Shack Fire in Kennedy Road

What is affected
Housing private
Type of violation Forced eviction
Date 03 July 2010
Region AFA [ Africa anglophone ]
Country South Africa
Location Durban

Affected persons

Total 3000
Men 0
Women 0
Children 0
Proposed solution


Forced eviction
Housing losses
- Number of homes 800
- Total value €

Duty holder(s) /responsible party(ies)

Brief narrative At 2am in Kennedy Road last night, on 3 July 2010, approximately 3 people were killed after eight hundred shacks were destroyed in a fire. It is thought that one of those killed in the blaze was a young child.

An estimated three thousand people were left homeless, all their belongings burned. Now, they have nowhere to go. Emergency vehicles came to the scene but could not control the flames.

If people were given land, houses and electricity, there would be no fires. The only reason that there are fires in the shacks is because they are un-electrified. The only reason there are fires in the shacks is because of the failure of the Municipality to provide services.

We have said this since 2005. Meanwhile, the Municipality has made it illegal to electrify informal settlements. Since January 2010, the Municipality has been disconnecting shacks from electricity on a daily basis in Kennedy Road. Abahlali has been very clear that this policy contradicts the Constitution of the Republic.

After Abahlali was attacked in September 2009, Nigel Gumede from the eThekwini Housing Department came to Kennedy Road. He promised that houses and electricity would be brought to the people of Kennedy by February 2010.

The Provincial Minister of Transport, Safety and Security Willies Mchunu also came to Kennedy Road. He said, after the attacks, that the settlement had been “liberated.” He also promised that development would start anytime soon.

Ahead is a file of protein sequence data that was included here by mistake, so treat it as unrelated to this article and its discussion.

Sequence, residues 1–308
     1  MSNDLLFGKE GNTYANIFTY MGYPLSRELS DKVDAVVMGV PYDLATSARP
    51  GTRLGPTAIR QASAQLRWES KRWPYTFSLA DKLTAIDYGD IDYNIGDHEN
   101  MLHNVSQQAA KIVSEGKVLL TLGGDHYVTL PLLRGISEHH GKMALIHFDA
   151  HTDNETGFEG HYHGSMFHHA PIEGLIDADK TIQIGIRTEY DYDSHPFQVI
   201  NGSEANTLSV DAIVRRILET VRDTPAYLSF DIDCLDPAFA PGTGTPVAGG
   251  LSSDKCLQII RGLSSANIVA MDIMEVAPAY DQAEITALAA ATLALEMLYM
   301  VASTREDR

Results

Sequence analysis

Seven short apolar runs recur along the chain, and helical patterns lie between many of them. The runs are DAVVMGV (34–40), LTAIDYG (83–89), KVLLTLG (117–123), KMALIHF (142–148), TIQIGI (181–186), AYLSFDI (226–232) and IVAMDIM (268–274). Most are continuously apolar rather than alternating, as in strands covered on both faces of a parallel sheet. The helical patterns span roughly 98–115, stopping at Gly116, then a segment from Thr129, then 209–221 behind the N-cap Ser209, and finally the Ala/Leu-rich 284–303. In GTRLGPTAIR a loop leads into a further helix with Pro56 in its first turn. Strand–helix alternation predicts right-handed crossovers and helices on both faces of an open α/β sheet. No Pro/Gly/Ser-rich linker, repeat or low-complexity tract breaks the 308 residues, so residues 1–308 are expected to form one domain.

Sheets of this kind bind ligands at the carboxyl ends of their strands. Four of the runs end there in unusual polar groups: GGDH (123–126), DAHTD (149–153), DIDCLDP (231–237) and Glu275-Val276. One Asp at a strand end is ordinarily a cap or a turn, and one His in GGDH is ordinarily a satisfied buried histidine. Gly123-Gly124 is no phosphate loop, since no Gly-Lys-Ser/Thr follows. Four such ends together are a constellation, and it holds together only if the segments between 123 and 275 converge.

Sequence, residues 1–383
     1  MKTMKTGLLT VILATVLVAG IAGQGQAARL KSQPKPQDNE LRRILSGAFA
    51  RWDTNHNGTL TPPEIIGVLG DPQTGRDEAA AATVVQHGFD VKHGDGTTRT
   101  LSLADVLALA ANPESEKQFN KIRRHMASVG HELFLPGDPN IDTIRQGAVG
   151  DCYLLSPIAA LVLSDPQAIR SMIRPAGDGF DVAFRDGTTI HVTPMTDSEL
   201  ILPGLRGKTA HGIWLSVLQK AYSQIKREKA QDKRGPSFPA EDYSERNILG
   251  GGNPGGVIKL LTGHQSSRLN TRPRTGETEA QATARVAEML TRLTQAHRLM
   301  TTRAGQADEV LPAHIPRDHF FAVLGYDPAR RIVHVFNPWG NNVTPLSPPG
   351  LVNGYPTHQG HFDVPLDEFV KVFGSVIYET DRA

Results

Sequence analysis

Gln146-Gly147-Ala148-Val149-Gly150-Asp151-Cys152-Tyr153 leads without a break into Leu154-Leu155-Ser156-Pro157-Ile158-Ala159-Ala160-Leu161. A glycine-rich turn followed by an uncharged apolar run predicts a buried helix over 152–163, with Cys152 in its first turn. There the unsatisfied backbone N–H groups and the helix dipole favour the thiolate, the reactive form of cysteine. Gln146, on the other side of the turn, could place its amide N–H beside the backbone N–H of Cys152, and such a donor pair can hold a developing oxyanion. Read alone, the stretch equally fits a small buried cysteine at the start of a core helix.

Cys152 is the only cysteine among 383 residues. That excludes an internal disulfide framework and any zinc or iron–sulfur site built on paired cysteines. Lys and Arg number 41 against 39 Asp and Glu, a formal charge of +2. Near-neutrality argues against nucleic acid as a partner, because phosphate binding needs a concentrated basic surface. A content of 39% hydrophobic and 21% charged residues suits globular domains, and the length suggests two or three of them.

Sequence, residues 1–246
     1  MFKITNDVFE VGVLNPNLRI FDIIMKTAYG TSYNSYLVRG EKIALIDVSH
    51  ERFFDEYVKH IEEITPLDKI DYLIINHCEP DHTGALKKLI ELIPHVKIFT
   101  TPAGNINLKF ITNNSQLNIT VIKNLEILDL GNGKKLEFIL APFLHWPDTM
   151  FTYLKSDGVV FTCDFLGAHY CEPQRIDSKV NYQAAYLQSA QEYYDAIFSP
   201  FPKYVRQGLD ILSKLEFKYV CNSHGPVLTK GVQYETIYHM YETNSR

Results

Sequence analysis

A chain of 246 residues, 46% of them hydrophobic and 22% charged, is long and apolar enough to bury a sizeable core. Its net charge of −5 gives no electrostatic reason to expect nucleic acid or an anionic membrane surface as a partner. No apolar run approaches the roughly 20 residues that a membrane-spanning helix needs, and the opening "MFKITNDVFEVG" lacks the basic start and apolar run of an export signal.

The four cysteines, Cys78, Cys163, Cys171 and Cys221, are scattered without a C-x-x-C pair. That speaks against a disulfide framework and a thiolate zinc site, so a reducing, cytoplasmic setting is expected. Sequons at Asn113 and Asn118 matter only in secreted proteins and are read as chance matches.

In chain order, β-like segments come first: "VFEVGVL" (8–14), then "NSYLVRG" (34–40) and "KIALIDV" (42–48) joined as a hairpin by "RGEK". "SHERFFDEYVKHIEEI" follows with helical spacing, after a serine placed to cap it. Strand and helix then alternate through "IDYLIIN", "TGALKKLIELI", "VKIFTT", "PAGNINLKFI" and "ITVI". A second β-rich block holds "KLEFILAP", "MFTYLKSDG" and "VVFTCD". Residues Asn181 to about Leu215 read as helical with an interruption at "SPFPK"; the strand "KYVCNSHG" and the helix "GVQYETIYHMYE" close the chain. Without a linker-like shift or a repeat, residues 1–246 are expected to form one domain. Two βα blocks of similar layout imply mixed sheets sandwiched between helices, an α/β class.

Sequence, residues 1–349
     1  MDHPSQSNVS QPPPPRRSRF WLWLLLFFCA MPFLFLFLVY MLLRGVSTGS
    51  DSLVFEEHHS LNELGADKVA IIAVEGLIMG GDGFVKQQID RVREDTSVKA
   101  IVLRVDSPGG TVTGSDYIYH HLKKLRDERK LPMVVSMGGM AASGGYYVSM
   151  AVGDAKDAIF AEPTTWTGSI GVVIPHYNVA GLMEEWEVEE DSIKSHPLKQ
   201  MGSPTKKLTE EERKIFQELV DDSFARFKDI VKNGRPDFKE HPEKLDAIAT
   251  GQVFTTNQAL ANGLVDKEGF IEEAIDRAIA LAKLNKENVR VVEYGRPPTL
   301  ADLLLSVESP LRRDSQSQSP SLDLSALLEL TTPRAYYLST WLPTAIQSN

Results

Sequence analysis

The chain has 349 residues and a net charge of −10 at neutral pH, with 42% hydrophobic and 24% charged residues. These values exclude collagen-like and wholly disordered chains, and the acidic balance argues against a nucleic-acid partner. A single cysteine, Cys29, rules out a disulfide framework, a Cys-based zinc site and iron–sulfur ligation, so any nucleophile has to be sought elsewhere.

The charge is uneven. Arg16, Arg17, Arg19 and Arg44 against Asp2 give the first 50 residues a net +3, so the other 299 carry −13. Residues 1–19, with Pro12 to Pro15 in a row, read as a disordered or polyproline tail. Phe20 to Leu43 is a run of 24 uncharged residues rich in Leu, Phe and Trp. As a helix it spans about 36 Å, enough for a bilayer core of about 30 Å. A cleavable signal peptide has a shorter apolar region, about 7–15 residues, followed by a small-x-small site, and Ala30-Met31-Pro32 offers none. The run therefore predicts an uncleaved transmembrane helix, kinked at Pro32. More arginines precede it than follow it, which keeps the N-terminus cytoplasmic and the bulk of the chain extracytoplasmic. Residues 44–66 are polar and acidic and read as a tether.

Instead of bringing houses or electricity, Gumede and Mchunu brought the Amatins, also known by the people as government shacks, or transit camps. Instead of bringing development, for the few months of the World Cup, the government spent billions of Rands on stadiums, fan parks, airports, and tollgates.

The government can bring the World Cup, but cannot bring housing, electricity, rubbish collection, water, toilets, or land for the poor.

Abahlali had a march in the city on 22 March 2010, which was initially banned by the Municipality. At that march, we raised our concerns. Up until today, there has been no response from government.

Abahlali condemns the Municipality for making these promises, and for failing to deliver. Abahlali calls for support for all victims of the fire, and for a fair distribution of relief.

When fires have happened in Abahlali areas in the past, it is only the Councillor’s friends who first receive support. After a fire that left 2000 homes destroyed at Foreman Road, the ANC Committee demanded that the community show ANC membership cards before receiving blankets, food, or any relief.

Today, on 4 July 2010, Abahlali was asked to come to Kennedy Road after the fire. A delegation, including Abahlali President S’bu Zikode, went there. More than 700 people openly attended an Abahlali meeting in the settlement that was addresed bu S`bu Zikode. The Municipality sent no one, as they were all too busy working on the World Cup.


(Source:, 4 July 2010)
Costs €   0